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General tax amnesty awaits plenary action in the Senate

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SENATOR Juan Edgardo M. Angara, chairman of the Senate Ways and Means committee, on Tuesday submitted a general tax amnesty bill for plenary action.

Senate Bill No. 2059, or the proposed Tax Amnesty Act of 2018, covers tax obligations for years up to 2017 with or without assessments in three major areas: estate taxes, general taxes and delinquent accounts.

“We push for a general tax amnesty today not just to give taxpayers a chance to adjust to the new rules that were put in place last year but also to lighten the load of an overburdened BIR (Bureau of Internal Revenue) in the hopes that they can now focus on their main mandate of collection,” he said in his sponsorship speech.

“We envision that with this amnesty, all parties involved may be absolved and unburdened of the sins of the past.”

On estate tax amnesty, Mr. Angara said qualified taxpayers can avail of the reprieve and instead pay six percent based on the decedent’s total net estate, if no estate tax return was filed, or on net undeclared estate if a return had been filed.

On the amnesty for delinquency in value-added and excise taxes, qualified corporate parties will have to pay five percent of total net worth or a minimum tax depending on their subscribed capital will be collected.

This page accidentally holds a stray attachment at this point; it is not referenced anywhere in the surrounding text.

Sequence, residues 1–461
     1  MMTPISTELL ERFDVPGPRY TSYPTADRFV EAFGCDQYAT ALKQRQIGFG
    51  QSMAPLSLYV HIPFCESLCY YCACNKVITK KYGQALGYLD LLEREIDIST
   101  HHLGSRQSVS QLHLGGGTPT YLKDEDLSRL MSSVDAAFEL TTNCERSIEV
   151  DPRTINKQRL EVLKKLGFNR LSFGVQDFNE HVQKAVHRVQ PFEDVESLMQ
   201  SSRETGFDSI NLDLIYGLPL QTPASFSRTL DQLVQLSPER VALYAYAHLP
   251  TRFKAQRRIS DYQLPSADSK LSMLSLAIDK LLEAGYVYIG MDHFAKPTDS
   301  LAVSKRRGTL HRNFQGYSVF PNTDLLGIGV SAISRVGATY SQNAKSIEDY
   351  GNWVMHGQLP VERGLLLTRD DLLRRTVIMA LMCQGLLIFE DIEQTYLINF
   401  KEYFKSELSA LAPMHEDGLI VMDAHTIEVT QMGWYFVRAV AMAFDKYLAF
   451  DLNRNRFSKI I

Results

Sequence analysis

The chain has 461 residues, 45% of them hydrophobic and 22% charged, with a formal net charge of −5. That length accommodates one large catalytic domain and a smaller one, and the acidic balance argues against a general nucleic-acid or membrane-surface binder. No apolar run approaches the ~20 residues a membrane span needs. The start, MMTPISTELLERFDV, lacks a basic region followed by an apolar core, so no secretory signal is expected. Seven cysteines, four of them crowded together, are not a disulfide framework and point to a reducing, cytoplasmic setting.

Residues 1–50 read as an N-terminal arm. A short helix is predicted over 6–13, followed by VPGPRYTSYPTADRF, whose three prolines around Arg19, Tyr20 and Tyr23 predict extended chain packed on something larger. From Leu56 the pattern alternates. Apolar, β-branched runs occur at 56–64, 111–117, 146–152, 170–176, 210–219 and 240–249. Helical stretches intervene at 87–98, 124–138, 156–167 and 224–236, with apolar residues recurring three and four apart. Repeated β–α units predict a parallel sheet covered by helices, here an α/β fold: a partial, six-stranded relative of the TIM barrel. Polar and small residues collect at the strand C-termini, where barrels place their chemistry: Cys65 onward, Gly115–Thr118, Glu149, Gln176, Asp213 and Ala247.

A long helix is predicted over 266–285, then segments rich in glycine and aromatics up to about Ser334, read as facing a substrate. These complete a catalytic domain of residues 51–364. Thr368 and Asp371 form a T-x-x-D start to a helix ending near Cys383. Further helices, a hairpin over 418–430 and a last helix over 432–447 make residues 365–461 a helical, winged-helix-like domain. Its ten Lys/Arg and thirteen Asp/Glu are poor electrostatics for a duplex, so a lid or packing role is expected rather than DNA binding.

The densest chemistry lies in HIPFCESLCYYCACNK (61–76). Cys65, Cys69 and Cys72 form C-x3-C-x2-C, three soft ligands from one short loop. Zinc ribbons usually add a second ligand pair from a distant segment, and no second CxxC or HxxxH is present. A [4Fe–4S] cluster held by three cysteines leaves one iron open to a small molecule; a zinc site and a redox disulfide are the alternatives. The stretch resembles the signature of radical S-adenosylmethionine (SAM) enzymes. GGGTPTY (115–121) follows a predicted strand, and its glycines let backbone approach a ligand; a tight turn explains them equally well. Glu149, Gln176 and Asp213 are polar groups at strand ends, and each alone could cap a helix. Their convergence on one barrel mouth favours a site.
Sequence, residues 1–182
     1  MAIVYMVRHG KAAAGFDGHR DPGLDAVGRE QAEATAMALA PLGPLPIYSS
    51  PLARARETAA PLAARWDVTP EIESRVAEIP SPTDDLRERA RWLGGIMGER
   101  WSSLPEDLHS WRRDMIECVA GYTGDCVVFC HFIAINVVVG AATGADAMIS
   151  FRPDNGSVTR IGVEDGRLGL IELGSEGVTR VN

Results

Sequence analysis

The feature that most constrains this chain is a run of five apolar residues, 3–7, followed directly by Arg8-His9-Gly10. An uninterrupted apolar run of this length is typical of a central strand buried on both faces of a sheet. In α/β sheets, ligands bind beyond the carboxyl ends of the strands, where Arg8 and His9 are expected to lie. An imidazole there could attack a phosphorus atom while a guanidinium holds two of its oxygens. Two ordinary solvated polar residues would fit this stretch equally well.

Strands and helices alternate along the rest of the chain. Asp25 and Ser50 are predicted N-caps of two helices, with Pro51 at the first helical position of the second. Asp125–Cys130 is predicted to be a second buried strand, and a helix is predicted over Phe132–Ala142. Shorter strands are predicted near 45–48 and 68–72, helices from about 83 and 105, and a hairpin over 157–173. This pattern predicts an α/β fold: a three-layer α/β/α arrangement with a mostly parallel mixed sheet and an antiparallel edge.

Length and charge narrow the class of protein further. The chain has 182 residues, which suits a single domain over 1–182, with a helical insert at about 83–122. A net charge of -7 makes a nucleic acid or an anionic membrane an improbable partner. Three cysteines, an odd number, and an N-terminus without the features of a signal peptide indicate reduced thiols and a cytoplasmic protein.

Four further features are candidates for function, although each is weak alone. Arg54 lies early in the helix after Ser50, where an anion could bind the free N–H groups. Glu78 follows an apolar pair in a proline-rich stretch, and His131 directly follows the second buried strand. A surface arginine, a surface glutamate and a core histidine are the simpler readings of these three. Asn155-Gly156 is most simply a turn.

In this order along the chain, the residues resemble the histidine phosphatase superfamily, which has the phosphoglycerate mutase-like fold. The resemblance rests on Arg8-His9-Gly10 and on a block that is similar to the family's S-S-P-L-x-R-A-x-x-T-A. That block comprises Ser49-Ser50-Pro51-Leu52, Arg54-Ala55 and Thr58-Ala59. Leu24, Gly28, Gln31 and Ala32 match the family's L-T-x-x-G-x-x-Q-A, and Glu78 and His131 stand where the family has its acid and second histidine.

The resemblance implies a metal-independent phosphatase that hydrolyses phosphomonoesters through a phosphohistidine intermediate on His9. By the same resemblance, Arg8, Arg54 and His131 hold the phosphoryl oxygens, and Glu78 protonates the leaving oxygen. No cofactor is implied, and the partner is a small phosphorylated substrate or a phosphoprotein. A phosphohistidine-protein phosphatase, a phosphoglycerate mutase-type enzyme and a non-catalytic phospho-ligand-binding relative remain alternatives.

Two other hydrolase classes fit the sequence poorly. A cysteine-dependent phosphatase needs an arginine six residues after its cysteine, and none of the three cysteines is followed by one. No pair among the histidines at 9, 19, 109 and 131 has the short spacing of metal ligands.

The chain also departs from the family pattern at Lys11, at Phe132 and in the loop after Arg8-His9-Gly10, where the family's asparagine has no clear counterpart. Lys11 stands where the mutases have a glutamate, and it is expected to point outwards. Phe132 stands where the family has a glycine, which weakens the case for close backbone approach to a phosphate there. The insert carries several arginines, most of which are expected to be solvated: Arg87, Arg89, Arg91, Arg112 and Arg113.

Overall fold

On amnesty for delinquent accounts, taxpayers can avail of the following rates:

• 40% of the basic tax for delinquency assessments which have become final and executory;

• 50% of the basic tax for those subject of pending criminal cases with criminal information filed in court for tax evasion and other criminal offense and pending cases involving fraud, illegal exaction and transactions, and malversation of public funds and property;

• 60% of the basic tax for cases subject to final and executory judgement by the court.

Mr. Angara said those who will avail of the tax amnesty program will be immune from civil, criminal, and administrative cases and penalties under the National Internal Revenue Code as amended.

The same measure also puts in place an information management system and automatic exchange between the Bureau of Internal Revenue and its foreign counterparts to validate tax declarations and subsequent compliance of those availing of the amnesty offer.

Senate Majority Leader Juan Miguel F. Zubiri told reporters that the Senate hopes to approve the measure between November and January next year. “We committed to pass it — if not next month — hopefully by January, we can approve the tax amnesty measure,” he said.

The measure forms part of a wide-ranging tax reform program of the administration of President Rodrigo R. Duterte that aims to shift the tax burden more on to those who can afford to pay, besides raising more cash to finance bigger state spending on infrastructure. — Camille A. Aquinaldo